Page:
Codex Sinaiticus, known as Aleph. The recovery of this precious MS. by Tischendorf forms one of the most romantic pages of the story of textual criticism. He rescued it in fragments discovered in the course of several expeditions to the convent of St. Catharine on Mount Sinai. It once embraced the whole Bible but is now considerably mutilated. It is written on vellum, and has four columns on a page, see Eusebius l.c. supra. Experts assign it to the fourth century. There are, with one exception, no breathings or accents due to the first hand. Many correctors have worked over the MS., some as late as the seventh century. No uniform edition has yet been published. It contains the four Books of Maccabees. It is preserved partly at Leipsic and partly at St. Petersburg.

Codex Alexandrinus, known as "A," is the treasure of the British Museum. It was presented to James I by Cyril Lucar, Patriarch of Alexandria and, later, of Constantinople. It is said to have been written by one, Thecla, whose identity is uncertain. The MS. differs from the preceding in that it contains tables of the Books, also of the Psalms for morning and evening. It has, too, a certain amount of extraneous matter in the shape of the Epistle of St. Athanasius to Marcella on the Psalms. The Psalter also has the spurious Psalm 151. The text is written on vellum and has two columns to the page. There are no breathings or accents by the first hand. It is very possible that the MS. was written in Egypt, and in the fifth century. The text has been corrected more than once. The tables show that the Psalms of Solomon once had a place in the MS. The New Testament is complete save for Matthew 1-25:6; John 6:50—8:52; 2 Corinthians 4:13—12:7. At the end are added the two Epistles of St. Clement of Rome.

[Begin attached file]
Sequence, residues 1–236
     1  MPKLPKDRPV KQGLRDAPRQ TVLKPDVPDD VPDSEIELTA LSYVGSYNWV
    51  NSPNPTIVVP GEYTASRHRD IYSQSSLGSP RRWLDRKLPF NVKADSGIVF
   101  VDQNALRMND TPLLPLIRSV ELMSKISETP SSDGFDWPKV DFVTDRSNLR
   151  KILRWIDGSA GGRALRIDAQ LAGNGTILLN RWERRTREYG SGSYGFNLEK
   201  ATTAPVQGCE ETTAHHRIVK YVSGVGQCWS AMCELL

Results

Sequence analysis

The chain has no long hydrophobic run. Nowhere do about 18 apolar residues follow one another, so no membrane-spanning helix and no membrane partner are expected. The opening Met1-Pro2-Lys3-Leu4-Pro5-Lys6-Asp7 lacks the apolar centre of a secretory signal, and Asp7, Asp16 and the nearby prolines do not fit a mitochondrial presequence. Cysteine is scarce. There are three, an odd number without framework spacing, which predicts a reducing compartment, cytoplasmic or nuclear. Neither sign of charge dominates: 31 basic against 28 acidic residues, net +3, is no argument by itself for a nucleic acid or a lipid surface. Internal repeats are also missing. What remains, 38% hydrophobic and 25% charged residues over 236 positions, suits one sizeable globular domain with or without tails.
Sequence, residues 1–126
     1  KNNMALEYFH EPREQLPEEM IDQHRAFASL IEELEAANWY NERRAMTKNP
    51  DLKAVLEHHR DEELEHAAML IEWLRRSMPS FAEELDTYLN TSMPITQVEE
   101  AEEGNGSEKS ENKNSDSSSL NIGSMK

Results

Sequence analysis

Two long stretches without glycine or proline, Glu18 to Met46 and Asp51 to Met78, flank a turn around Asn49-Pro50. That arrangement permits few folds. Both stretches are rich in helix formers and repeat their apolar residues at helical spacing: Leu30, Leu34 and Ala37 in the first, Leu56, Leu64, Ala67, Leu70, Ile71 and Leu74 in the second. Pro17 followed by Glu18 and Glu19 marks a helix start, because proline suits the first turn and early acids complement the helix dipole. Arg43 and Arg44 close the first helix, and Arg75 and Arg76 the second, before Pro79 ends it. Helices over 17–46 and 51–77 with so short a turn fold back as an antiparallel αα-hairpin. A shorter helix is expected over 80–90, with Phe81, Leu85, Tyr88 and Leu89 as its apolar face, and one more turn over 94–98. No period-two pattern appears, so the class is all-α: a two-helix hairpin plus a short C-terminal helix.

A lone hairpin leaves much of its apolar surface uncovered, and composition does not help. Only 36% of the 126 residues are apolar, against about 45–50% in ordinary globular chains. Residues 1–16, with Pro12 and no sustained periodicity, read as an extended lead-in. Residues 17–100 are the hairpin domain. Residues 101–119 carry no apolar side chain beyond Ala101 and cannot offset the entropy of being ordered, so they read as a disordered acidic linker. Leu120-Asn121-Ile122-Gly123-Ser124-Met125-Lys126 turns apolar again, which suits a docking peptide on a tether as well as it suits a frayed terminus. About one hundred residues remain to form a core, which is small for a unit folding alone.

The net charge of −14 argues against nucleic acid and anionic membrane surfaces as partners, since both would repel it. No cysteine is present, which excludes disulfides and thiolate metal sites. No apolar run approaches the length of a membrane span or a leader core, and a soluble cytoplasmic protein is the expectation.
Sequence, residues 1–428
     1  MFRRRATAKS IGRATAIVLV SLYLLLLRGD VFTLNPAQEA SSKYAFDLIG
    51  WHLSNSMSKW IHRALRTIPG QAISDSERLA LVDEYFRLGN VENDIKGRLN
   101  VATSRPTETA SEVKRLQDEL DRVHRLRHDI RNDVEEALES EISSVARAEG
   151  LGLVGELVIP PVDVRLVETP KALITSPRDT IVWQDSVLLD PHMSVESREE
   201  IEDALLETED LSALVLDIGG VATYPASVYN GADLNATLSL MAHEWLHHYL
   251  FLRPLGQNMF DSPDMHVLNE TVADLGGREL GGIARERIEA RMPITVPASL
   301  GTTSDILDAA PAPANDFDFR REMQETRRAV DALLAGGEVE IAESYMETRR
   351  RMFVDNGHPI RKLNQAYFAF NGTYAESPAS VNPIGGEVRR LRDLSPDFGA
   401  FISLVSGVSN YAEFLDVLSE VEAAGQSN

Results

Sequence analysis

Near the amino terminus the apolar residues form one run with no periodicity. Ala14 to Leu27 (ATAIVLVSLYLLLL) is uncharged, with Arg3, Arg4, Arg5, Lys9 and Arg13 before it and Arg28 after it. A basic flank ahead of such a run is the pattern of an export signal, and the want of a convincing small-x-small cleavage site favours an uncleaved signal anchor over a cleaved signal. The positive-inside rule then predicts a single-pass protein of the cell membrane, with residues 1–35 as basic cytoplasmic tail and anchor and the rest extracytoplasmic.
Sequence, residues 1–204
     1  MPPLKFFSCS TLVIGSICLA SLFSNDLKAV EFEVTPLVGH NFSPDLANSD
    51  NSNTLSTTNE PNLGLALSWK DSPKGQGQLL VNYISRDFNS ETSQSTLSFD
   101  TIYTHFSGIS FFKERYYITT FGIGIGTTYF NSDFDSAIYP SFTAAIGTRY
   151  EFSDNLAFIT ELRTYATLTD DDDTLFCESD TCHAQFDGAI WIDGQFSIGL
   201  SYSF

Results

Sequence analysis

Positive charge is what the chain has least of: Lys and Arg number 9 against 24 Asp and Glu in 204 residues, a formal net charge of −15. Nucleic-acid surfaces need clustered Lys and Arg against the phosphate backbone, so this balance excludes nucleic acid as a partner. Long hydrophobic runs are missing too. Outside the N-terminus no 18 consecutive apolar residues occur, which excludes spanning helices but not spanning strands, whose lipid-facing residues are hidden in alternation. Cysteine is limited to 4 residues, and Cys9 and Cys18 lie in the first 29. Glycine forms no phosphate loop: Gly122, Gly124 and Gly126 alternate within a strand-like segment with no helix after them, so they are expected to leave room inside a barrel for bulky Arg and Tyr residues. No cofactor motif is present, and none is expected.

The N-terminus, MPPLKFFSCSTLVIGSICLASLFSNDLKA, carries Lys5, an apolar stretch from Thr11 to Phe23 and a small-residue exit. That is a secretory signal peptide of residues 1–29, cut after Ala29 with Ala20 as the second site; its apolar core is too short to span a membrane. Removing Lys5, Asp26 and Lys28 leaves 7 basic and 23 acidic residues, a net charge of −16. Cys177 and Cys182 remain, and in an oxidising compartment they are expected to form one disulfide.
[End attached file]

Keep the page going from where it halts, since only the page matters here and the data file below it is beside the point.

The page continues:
Codex Ephraimi Rescriptus, known as "C." This MS. is a palimpsest, its original writing was defaced in order that the vellum might be used for copying some works of St. Ephraim. The underlying Biblical text was written probably in Egypt and in the fifth century. In the Old Testament portion we have only detached fragments of the Sapiential Books and Job. About three fifths of the New Testament is left. The text is written in single columns.

Codex Marchalianus, known as "Q." This codex is of the greatest interest for the student of the LXX text, for while the actual text is that of Hesychius, the margin contains a number of variants from Aquila, Theodotion, Symmachus, and the Hexapla LXX. Unfortunately it only gives the Prophets. The MS. is preserved at the Vatican, and was published in magnificent form by Ceriani in 1890.

Very Rev. Hugh Pope, O.P., S.T.M.
Doctor in Sacred Scripture,
Member of the Society of Biblical Archaeology, and
late Professor of New Testament Exegesis at the Collegio Angelico, Rome.

Fr. R. L. Jansen, O.P.,
S. Theol. Lect.; Script. S. Licent. et Prof.

FR. V. Rowan,
S. Theol. Lect.; Script. S. Licent. et Vet. Test. Prof.
Aggreg. in Univ. Friburgensi (Helvet).

Franciscus Cardinalis Bourne,
Archiepiscopus Westmonast.